Opinion Akudo-Kyoshia McGee-Osuagwu

Democracy requires maintenance

Ahead of the European elections, there are concerns about the state of democracy and rule of law in Europe. In the Netherlands, it is a concern hanging around the formation table. For a long time, Poland seemed to be heading in the same direction as Hungary, but since last October's elections, the tide seems to have turned there. The most important lesson we can learn from Poland? Democracy is not made in the voting booth, but on the streets.


For the past eight years, the Law and Justice party (Polish: Prawo i Sprawiedliwo, PiS for short) has been in power in Poland. Little by little, it broke down Polish democracy and the rule of law from within, seeking autocratic rule.

The PiS government silenced judges and put courts under political pressure. She threatened the free press and made public media a mouthpiece of the government. It axed the rights of minority groups such as lhbtis.

Polish democracy was dying - until the October elections, which were won by the opposition led by former Prime Minister Donald Tusk.

The new Tusk government is struggling, with a motley coalition and opposition from the president affiliated with the PiS party. But one thing is clear: the new coalition is committed to restoring democracy. This is partly due to the election results. But it would be too simplistic to attribute the resurgence of Polish democracy to voters alone.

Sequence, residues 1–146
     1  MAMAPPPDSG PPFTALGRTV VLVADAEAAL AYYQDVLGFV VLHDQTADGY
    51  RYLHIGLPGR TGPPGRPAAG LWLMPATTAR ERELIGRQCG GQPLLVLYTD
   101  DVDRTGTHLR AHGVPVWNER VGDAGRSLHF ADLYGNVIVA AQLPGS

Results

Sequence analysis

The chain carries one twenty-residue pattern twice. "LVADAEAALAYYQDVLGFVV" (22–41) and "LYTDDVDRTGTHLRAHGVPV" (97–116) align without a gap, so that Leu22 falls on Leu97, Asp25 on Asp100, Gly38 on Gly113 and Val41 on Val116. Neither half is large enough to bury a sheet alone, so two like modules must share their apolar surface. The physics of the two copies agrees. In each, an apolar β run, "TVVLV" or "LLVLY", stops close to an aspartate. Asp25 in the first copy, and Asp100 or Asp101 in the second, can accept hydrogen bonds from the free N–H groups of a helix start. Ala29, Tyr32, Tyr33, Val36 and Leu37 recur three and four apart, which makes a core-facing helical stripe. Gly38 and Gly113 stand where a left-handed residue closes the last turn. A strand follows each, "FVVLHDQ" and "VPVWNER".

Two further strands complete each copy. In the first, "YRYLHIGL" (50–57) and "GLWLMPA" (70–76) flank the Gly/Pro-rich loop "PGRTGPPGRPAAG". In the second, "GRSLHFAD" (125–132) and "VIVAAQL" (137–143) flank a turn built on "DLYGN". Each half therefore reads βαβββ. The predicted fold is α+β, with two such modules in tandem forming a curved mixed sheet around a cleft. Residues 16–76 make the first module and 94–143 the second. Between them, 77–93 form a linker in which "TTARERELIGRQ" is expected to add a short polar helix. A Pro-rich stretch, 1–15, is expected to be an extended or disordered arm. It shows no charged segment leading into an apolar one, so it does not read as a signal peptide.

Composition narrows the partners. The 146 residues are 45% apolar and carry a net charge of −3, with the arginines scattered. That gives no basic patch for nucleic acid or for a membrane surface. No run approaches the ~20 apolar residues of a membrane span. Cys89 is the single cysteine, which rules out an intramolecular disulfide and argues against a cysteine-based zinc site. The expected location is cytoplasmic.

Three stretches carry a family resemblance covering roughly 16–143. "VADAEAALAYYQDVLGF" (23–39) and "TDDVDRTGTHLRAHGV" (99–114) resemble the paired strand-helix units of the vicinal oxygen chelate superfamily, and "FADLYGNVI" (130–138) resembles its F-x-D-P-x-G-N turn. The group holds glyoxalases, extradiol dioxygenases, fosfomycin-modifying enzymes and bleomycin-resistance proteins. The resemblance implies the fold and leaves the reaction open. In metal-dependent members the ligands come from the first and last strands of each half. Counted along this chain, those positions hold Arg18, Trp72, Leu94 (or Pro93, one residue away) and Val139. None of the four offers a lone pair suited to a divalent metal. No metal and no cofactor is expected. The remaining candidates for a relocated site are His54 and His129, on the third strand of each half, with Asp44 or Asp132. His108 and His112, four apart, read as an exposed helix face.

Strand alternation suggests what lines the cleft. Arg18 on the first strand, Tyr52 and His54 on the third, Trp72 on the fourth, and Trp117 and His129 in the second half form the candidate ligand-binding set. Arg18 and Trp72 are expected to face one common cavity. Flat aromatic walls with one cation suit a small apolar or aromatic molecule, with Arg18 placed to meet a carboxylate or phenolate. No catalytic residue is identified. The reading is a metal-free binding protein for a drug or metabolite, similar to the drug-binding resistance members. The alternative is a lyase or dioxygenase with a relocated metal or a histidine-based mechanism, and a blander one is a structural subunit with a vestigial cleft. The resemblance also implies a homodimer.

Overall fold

More than at the ballot box, the resilience of Polish democracy became visible on the streets. Starting in 2015, Polish citizens organized themselves into judges' associations, civil rights organizations and action groups. They protested in front of courts when they made important decisions for human rights, democracy and the rule of law. They mourned the death of a pregnant woman with white candles after abortion was de facto banned in 2020. They waved rainbow flags in protest of "lhbti-free zones. The highlight was a pre-election demonstration against the PiS government in October, which drew a million people in Warsaw.

Polish organizations also called on the EU to act, for example, to deprive Poland of its right to vote in the EU Council. Judges challenged in national and European courts that they had been illegally removed from office. LGBT organizations brought cases about "lhbti-free zones" before Polish courts and filed complaints with the European Commission. It was through campaigns like these that Polish citizens became aware of the importance of the elections, showing that they were about the survival of democracy. Turnout was therefore historically high - higher than in 1989, in the first free elections after the fall of communism

The restoration of Polish democracy will not happen overnight; the damage done by the PiS government is simply too great for that. It shows that the erosion of democracy and rule of law is faster and more insidious than reconstruction. That is a lesson for the rest of the EU.


Even in the Netherlands, where the constitution is under discussion during the formation, there is a risk that we take the rule of law for granted. We like to pretend that the decline of democratic values and norms is something that happens at the borders of the EU, but our own democracy also requires attention and maintenance.

This maintenance, the Poles show, is a matter of the long haul. What happens in the voting booth is only a snapshot; it is the long periods between ballot boxes that make the difference. So a vibrant and resilient democracy begins in the streets.

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